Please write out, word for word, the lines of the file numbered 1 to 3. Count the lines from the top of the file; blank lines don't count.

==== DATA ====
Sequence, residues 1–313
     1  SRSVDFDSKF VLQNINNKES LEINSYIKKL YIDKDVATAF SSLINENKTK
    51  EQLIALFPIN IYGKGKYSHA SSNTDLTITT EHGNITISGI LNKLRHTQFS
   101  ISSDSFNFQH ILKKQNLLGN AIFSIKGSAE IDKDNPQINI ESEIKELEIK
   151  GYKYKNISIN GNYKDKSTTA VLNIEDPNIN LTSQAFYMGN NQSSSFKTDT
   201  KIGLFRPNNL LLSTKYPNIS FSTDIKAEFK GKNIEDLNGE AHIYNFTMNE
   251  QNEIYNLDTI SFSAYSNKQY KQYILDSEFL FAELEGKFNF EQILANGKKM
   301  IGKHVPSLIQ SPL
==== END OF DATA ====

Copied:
Sequence, residues 1–313
     1  SRSVDFDSKF VLQNINNKES LEINSYIKKL YIDKDVATAF SSLINENKTK
    51  EQLIALFPIN IYGKGKYSHA SSNTDLTITT EHGNITISGI LNKLRHTQFS